Before you start this, I'd just like to thank everyone who reviewed this story in the past. I ended up deleting the original and re-writing some elements in this as I've been exploring the game again. For those who are just starting this, this is a fan-novelization of how Explorers of Sky takes place, adding elements not in the game. I hope you enjoy it, as I keep thinking about how it will change, and how I might even extend it once I finish this work. Explorers of Sky is Nintendo's property, and I highly recommend you play the actual game. One last note I will say is the note that this is only BASED off the game, and won't be a word for word work of it. There are going to be certain elements added I have mentioned, but there are going to be certain elements left out completely. I'll talk more about these later, perhaps.

Anyway without further ado, here's my re-write in progress of Through the Never. Please give me any feedback, as this has been in my planning mind for a long time now. I reply to some feedback! Just a note, I reply to feedback via Personal Message. So check your inbox!

Entering Darkness

"A long time ago, I never knew myself
Then the memory of shame birthed its gift
No more, the small one, the weak one, the frightened one
Running from beatings, deflating, I'm becoming more..."
-Pantera in "Becoming"

A trash can fell to the ground in a violent crash. Its contents spilled on the pavement, and the can had a nasty dent in its side. It didn't seem like enough to Layne. He kicked it again, and again and again, all while he yelled in fury and frustration. Life in the streets of downtown Seattle was harsh. Especially when your parents were drug abusing alcoholics who had no care or love for their only son, and had finally kicked that son out of their house. Layne could barely hold on to his jobs, and he could barely keep himself fed, alive, and warm. His clothes were getting torn and he didn't have any heavy clothing for the approaching winter. The weather was already growing colder faster by each passing night.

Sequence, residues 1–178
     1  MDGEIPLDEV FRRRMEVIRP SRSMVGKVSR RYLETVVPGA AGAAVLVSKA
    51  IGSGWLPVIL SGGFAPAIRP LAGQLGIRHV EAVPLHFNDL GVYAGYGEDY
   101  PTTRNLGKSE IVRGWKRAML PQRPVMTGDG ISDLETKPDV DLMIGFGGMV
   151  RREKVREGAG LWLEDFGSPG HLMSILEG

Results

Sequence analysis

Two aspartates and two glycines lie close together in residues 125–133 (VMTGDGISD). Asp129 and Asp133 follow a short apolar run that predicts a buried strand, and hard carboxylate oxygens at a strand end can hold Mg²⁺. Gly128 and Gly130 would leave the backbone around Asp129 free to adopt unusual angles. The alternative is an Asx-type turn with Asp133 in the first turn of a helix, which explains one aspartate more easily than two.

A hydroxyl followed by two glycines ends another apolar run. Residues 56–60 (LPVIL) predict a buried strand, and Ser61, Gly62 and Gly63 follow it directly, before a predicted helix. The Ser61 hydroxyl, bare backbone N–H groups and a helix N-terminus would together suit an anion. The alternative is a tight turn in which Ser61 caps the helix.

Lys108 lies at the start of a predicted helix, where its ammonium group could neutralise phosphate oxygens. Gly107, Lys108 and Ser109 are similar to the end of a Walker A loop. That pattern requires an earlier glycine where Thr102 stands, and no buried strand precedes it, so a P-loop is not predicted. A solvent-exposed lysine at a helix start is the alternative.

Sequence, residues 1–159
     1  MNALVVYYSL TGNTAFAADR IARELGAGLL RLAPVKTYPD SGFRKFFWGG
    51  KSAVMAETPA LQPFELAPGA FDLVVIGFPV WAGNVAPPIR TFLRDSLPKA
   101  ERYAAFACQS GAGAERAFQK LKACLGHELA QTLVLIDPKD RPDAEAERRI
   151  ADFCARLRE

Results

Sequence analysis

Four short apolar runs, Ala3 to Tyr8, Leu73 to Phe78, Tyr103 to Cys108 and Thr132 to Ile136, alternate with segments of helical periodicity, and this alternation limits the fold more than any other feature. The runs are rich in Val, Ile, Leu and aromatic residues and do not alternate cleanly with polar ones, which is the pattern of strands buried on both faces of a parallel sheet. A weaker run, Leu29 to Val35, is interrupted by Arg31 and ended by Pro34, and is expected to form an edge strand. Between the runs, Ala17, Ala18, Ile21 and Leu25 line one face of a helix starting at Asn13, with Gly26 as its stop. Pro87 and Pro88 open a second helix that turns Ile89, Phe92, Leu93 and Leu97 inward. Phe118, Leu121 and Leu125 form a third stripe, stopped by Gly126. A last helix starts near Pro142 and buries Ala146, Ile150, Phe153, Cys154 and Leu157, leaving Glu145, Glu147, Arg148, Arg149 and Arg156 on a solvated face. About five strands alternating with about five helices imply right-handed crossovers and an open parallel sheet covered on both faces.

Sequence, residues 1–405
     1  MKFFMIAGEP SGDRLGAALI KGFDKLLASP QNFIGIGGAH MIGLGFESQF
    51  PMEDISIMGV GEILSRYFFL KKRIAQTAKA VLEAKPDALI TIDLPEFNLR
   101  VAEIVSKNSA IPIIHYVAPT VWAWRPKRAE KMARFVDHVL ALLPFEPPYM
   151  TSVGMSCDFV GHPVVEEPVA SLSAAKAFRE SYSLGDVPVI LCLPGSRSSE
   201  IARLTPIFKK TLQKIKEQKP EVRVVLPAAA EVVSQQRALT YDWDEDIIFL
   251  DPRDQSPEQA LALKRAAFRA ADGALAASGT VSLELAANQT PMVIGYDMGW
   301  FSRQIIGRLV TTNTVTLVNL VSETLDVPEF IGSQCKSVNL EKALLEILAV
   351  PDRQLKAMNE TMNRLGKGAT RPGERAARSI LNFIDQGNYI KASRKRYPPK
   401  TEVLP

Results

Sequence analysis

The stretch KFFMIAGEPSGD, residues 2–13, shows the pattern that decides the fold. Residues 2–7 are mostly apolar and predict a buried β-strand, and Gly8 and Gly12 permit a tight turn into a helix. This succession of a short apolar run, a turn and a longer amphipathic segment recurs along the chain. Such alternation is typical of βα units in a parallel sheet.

Layne, age 20, was your young adult male. One would look at him and say he was normal. If it weren't for the fact he was homeless, had lost three jobs this month, and slept on the streets. He used to dream that this kind of life would be so much better than that of his life with his parents. Now he wasn't sure which was worse anymore.

He walked through the backstreets. Layne had seen his fair share of homeless just like him. People who had lost their faith in ever sleeping on a comfy bed again, and used their money to buy cheap alcohol and cigarettes. Layne stopped by a group who were having a small fire. They may not have been legal, but most police didn't seem to care. And most fire makers here knew how to keep it controlled, and weren't pyro maniacs who just threw in whatever the hell would burn. Layne warmed his hands. He wouldn't stay long. He never hung around in these groups. Their activities sometimes creeped him out. Some men and women would engage in sexual activity without the walls of privacy and some would just plain creep Layne out. He answered a few questions, and even shared a drink with a man.

"How long you been in the streets, kid?" he asked.

Layne sipped the cheap alcohol, and forced it down, despite it's strong horrid taste. "About two or three weeks now."

"Don't you got parents or school or something?" he asked slurring his words. He was obviously drunk, but his small talk didn't bother Layne.

"Had them. Parents are probably gonna die any day now."

"I'm not gonna stay no this street forever." the man said, taking a long swig of his drink. "Once I get enough money, I'll start my own business. You all can be my fellow employees."

If you can manage to keep your money, and keep yourself from buying more bad alcohol. Layne thought to himself, managing a small smile. He took another drink. "Good luck with that."

"What about you? Don't you have any plans?"

Layne shook his head, taking another drink. "As far as I'm concerned, I am a guy who's living in the wrong time, wrong place, maybe even the wrong world."

The man took a long swig. "I knew someone like you. I'll just say it helps to have goals in life. Something to look forward to achieving. You need to be strong and believe you'll achieve what you're going to achieve. Sure I may not be much now, but like I said, someday Seattle will look at me and say, what a man." The man gave a small chuckle, and drank some more. "If you don't feel right here, perhaps you should look for where you do belong."